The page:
Hello, it’s the Real Me

As one being particularly enamored with music as long as I can remember, occasionally, out of the blue, I’ll recall a particular song, record, etc.  Todd Rundgren’s 1973 hit “Hello It’s me” just flashed through my brain again this morning, bringing fond remembrance.  This then reminded me of the album from which the song is taken titled Something/Anything?, which includes two other singles, both released prior to “Hello It’s Me”: “I Saw the Light” (an homage to both Laura Nyro and Carole King, with Rundgren’s voice sounding much like the latter) and “Couldn’t I Just Tell You” (credited with founding the “power-pop” genre).  The three songs are fairly basic love songs, very catchy and memorable.

In 1975, Rundgren released the single “Real Man”, which didn’t interest me at all, and it was only recently that I found out that Rundgren was the artist.  Back then, I recall seeing the album containing the single, titled Initiation, though it never captured my interest.  It’s this album which brings me to the reason I’m carrying you along with me down memory lane.

As I recently saw again the title to his ’75 album release, given my recent studies into the occult for apologetics purposes, I decided to check out what Rundgren meant by Initiation.  Ooh boy.  Looking at the Wikipedia entry, the entire second side of the original LP is an instrumental suite titled “A Treatise on Cosmic Fire”, taken from a book of the same name by Theosophist Alice Bailey (I have a copy of the book and have referenced it on CrossWise).  Checking out the lyrics to the title track, offered no surprise.  The single “Real Man” is more of the same, though not as overt.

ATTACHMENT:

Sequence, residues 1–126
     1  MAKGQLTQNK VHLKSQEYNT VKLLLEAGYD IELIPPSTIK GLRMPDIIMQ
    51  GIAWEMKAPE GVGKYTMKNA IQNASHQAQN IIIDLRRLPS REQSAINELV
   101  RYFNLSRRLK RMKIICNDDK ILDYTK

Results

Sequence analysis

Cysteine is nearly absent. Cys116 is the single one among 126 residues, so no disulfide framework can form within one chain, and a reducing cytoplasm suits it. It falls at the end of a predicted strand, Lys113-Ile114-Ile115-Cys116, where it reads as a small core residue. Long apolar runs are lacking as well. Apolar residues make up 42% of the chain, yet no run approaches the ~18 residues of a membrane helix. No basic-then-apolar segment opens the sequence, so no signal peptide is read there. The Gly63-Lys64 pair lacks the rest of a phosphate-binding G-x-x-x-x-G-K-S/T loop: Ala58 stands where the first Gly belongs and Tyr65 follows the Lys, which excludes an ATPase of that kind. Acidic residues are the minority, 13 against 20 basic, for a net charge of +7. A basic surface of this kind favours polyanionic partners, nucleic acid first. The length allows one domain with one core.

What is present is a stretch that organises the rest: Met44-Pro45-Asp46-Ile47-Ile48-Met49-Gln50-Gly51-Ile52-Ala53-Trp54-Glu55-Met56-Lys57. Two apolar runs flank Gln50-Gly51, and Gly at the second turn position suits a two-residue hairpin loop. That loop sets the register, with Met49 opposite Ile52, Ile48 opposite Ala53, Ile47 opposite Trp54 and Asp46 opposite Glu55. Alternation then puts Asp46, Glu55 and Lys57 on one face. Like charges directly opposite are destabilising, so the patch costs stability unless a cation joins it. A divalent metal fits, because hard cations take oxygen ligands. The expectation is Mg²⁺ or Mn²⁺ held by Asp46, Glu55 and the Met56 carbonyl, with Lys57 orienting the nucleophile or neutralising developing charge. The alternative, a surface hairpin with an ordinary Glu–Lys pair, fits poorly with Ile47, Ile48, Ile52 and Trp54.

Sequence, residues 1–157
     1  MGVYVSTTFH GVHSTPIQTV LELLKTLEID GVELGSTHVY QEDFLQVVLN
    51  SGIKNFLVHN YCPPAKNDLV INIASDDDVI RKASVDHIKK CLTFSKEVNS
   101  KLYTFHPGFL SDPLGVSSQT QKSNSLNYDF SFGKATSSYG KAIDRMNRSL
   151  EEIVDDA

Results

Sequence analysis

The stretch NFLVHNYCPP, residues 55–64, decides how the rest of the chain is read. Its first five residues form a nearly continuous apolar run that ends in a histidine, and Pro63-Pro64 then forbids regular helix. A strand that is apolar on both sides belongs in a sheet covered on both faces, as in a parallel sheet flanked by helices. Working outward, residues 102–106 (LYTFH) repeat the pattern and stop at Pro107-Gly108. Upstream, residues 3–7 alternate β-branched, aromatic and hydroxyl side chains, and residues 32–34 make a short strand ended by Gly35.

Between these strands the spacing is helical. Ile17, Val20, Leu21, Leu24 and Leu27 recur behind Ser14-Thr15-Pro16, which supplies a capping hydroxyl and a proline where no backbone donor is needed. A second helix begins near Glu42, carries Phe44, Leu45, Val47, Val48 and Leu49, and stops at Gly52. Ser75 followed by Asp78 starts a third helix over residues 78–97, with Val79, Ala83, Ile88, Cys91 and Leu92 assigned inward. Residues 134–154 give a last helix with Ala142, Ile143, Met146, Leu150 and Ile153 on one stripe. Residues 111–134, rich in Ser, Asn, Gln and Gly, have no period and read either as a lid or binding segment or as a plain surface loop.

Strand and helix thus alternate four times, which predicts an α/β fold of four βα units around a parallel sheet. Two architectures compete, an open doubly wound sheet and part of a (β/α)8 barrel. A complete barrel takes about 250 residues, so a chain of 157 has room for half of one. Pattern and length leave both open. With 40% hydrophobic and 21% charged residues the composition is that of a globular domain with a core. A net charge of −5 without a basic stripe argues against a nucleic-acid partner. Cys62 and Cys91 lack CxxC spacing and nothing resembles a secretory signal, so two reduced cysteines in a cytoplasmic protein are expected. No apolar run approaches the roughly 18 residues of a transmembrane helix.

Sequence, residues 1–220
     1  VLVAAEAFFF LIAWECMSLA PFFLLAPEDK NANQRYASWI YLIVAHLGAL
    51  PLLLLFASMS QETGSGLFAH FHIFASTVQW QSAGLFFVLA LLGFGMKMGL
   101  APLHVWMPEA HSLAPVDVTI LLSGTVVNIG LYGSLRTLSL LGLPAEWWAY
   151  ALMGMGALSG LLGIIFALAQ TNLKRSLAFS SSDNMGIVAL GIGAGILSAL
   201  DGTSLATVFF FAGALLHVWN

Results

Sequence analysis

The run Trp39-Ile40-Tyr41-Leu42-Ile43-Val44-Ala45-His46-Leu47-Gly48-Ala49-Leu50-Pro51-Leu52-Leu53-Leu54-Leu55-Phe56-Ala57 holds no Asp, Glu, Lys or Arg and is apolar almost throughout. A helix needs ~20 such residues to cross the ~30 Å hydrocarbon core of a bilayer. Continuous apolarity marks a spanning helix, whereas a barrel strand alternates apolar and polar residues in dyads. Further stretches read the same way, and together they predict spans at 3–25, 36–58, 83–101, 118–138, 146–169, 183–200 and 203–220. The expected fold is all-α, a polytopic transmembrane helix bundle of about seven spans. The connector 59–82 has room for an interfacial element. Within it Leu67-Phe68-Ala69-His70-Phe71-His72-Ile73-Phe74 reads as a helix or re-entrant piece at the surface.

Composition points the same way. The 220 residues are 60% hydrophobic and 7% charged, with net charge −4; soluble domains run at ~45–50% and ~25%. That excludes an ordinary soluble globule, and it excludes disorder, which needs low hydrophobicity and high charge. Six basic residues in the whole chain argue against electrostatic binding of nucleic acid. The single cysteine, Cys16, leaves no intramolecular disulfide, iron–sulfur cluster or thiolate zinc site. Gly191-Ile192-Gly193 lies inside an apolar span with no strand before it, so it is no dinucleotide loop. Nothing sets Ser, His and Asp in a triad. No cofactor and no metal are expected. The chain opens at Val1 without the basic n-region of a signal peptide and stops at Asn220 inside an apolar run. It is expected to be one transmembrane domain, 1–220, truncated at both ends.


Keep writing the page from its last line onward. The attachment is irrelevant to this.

The point of this post is to illustrate the prevalence of the occult in pop culture, perhaps in places one might not expect.  Who would have thought that the guy who would pen such simple love songs would go on to be a strong advocate for the occult, basing an entire album around the concept, to include a (vinyl) side-long suite named after an Alice Bailey book?  Rundgren would explore more esoteric teachings, as evidenced by his 1981 album Healing.

For those not old enough and/or not familiar with Rundgren’s pop-oriented material, most would be aware of his ’83 hit “Bang on the Drum” (I don’t want to work / I want to bang on the drum all day), which has become an anti-work anthem and has been featured in commercials, etc.  Now try to get that song out of your head today!

This theme of New Age / occult in popular culture was mentioned in more detail in the CrossWise article Misplaced Trust, part II, (see New Age / New Spirituality in Contemporary Culture section).